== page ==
–          Symptoms include difficulty speaking, grasping throat, contorted face, pale blue skin, unconciousnes

–          Encourage to cough

–          Shout for help. Don’t leave them

–          5 back slaps (bent over) using ball of hand in centre of shoulder blades in an upwards motion

–          Then ab thrusts, hands (one fisted one covering) between belly button and breast plate

–          Repeat


–          Symptoms include loss of muscular control, loss of sensation and unconsciousness, paralysis, slurred speech.

–          A TIA is 10x more likely to have a stroke

–          Call 999

–          Don’t offer food or drink

–          If vomit, drooling or cant swallow place on one side to drain

Back Injury:

–          Symptoms include difficulty breathing, loss of control of limbs

–          Reassure, don’t move them, keep back aligned and hold head with hands over their ears to prevent movement

–          Call 999

–          Only tilt head if unconscious


–          After 60 the risk is greater of getting burnt and the size area of burns will be larger.

–          Over 75’s are most likely to get burned in the kitchen

–          Assess situation, serousnesss? Cause? Shock?

–          Remove from danger

–          Treat swelling, run under cold water tap for at least 10 minutes

–          Gently remove clothing and jewellery

–          Do not apply lotion, material, touch or interfere with the wound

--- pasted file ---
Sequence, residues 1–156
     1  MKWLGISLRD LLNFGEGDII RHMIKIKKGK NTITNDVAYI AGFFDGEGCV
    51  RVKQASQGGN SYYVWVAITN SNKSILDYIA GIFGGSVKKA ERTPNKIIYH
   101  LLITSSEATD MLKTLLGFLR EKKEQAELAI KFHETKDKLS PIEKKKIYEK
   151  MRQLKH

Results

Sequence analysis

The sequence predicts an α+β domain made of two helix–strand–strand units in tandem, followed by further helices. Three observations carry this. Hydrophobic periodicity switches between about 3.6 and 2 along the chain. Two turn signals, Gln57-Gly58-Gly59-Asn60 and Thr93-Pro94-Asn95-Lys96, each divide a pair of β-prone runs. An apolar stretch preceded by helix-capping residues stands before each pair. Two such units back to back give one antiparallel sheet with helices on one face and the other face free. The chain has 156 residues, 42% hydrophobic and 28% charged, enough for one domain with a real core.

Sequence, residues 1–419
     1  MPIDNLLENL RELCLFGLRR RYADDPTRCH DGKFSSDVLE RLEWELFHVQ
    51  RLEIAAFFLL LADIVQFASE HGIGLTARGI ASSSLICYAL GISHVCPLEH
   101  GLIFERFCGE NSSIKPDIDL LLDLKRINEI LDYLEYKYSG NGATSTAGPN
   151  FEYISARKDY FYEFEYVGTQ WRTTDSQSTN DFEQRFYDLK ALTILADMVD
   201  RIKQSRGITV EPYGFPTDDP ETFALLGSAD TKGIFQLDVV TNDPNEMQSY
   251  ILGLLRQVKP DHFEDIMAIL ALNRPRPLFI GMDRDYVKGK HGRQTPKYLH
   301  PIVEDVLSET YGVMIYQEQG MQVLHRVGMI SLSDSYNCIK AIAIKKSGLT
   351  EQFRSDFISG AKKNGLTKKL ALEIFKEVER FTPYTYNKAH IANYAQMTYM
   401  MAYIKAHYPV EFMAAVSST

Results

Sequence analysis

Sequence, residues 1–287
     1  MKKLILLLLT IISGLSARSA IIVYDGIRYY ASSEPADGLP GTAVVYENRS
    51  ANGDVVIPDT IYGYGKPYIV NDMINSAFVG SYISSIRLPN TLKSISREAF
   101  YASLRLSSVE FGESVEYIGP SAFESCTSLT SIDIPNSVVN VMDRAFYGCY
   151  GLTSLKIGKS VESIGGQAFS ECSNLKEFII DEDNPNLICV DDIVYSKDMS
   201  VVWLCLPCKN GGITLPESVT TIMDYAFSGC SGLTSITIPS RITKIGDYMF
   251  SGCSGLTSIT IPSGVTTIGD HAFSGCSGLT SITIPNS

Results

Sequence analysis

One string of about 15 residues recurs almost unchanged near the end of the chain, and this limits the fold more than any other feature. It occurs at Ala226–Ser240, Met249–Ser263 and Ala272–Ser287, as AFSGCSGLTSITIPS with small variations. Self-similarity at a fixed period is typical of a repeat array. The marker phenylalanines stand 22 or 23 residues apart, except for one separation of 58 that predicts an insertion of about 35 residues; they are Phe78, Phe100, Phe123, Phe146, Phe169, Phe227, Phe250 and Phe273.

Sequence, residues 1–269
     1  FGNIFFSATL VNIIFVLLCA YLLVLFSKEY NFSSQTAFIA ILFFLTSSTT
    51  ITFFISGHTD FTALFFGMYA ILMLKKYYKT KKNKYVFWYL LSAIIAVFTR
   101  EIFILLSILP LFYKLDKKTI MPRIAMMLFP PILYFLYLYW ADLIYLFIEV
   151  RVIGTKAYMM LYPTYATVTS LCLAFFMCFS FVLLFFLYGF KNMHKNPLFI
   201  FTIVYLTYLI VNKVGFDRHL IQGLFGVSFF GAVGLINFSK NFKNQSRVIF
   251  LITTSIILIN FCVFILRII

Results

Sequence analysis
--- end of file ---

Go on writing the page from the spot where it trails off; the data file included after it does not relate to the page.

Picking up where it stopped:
–          Gently apply sterile dressing and call 999


–          The area can become cold and numb

–          Dangers of fractures (swelling/bruising) and internal bleeding

–          If been under object for less than 15mins release, and if can treat the fracture and shock and then call 999

–          If been under object for more than 15m call 999 asap then reassure


–          Types: hyper glycemia=high blood sugar
hypo glycemia= low blood sugar

–          Symptoms of hyper=acetone on breath, thirst, dry skin, rapid pulse, unconsciousness, coma

–          Symptoms of hypo=faint, dizzy, confused, sweating, shallow breath

–          Call 999

–          If a hypo give sweet food (fruit or biscuits) and sit them down

Allergic reactions:

–          Can lead to anaphylactic shock

–          Food, meds, stings etc can cause

–          Look out for rashes, red skin, blotchy skin, breathing and swelling, nausea, vomiting, diarrhoea, stiffness, shaking, headaches, drowsiness, constipation and weight gain.

–          Sit them down check breathing and allow own use of adrenaline. Call 999

–          Can happen slowly over time or could be immediate


–          Symptoms include: intense pain, redness, swelling, watering, unable to open

–          Irrigate the eye for ten minutes wearing gloves

–          Lie them on back with head on knees and affected eye facing down ward

–          Hold a pad over the eye, identify if a chemical has caused it and call 999


–          Never induce vomiting

–          Reassure

–          Find out what swallowed

–          Drink frequent milk or water if corrosive

First Aid Kit:

–          Should include 20 sterile dressings, 4 triangle bandages, 2 eye patches, 6 safety pins, 6 medium dressings, 2 large dressings, gloves and no tablets